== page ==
My favorite time of the year is autumn when the foliage turns resplendent. Present me a sweeping woodland robed in blazing yellows and oranges and reds, and my soul sings.
Thereâ€™s something spiritual about it, something transcendent. Indeed, fallâ€™s radiance is known, by countless souls caught up in its wonder, to lift oneâ€™s sights above the frontiers of the everyday world and point to a magnificence beyond itself.
And, as for what this indicated other is, I know of no more truthful an answer than the one literally trumpeted in an experience Robert Raines relates.
Head of a retreat and conference center in the Poconos, Raines was driving over a mountain early one fall morning, running an errand. With the air crisp, he rolled his window down to breathe in its purity. And winding his way up, he kept feasting his eyes on the scenery below, imbibing the splendor.Â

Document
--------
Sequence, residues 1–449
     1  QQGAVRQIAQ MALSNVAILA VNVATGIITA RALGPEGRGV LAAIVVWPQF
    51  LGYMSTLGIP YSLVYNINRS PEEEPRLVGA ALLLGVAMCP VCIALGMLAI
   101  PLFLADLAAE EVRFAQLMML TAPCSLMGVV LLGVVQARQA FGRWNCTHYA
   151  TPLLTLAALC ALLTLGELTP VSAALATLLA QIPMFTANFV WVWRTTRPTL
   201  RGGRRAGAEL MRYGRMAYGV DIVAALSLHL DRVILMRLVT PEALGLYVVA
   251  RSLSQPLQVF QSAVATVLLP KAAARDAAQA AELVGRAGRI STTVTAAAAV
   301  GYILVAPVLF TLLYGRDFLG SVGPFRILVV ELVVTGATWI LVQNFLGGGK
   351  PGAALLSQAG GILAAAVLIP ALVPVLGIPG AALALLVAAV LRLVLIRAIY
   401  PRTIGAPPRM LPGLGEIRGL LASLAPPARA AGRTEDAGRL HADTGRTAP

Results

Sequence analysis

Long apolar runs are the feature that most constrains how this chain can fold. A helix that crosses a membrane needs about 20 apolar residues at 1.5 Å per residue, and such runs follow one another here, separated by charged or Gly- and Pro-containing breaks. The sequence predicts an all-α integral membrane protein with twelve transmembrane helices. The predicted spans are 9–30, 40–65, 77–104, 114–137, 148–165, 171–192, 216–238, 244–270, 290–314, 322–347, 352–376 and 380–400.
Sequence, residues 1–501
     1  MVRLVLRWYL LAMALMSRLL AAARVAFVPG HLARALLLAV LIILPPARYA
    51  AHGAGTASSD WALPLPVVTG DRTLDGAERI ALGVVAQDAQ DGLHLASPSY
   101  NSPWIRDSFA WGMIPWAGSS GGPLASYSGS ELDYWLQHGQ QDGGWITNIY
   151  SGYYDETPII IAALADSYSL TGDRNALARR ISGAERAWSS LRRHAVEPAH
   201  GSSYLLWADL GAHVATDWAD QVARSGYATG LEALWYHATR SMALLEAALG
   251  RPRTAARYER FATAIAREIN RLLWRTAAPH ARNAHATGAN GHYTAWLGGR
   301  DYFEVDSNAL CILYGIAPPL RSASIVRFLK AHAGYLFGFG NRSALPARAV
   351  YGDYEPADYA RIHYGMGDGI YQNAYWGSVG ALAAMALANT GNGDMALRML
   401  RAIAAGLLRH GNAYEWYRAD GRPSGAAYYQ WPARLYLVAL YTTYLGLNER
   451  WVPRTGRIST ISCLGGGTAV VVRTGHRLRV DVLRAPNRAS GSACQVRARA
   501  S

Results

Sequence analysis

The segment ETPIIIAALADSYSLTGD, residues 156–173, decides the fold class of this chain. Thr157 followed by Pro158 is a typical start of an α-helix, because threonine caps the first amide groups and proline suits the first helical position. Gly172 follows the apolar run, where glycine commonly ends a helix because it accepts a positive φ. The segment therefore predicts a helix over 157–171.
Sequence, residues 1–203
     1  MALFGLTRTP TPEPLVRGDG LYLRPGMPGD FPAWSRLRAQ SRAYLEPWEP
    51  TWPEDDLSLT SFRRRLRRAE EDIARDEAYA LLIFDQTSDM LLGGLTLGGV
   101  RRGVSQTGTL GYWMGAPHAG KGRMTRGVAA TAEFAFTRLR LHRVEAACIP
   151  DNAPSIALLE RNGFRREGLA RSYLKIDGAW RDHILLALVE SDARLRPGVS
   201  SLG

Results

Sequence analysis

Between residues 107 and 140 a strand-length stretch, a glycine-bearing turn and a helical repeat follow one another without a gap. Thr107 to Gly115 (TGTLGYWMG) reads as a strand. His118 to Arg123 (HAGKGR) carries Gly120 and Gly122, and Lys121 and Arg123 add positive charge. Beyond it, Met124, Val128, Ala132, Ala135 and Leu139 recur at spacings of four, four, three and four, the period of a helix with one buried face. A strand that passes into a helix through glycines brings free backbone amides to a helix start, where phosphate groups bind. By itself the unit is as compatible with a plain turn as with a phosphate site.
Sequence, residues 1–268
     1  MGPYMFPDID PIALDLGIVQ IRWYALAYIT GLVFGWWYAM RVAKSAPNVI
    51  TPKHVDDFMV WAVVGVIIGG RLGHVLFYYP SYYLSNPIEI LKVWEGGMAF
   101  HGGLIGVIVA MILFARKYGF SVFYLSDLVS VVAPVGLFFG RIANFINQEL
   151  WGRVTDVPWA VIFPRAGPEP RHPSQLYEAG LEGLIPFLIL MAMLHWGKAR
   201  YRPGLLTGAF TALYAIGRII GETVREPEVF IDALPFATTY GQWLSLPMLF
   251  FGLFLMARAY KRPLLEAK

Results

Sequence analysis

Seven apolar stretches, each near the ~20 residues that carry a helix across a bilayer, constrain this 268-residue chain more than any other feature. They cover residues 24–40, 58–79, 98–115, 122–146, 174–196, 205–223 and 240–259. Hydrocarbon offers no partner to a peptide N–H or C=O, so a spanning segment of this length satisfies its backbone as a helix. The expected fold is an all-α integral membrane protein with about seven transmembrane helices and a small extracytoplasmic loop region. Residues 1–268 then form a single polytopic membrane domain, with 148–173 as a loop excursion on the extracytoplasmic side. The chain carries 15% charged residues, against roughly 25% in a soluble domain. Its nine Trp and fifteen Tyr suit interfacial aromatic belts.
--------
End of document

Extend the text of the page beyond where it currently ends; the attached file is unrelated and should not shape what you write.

When his car reached the summit where the road turned sharply left to begin its descent, he saw a sports car parked just off the road. And what he saw and heard next â€“ well, it moves me every time I think about it.
Overlooking the valley awash in autumnâ€™s glory, was a young man dressed as a hippie, wearing a ponytail. And standing there, his legs wide apart, holding a trumpet pressed to his lips, he proclaimed with musical flair:
Praise God, from whom all blessings flow;
Praise him, all creatures here below;
Praise him above ye heavenly host;
Praise Father, Son, and Holy Ghost.
Warner F. Davis a retired Presbyterian pastor. Warner has released a spiritual memoir titled, “Peace in a Mad Dog World: Finding Security When My Need For Control had Failed Me,” through Virtual bookworm Publishing. For more information about his book, visit warnerfrancisdavis.com.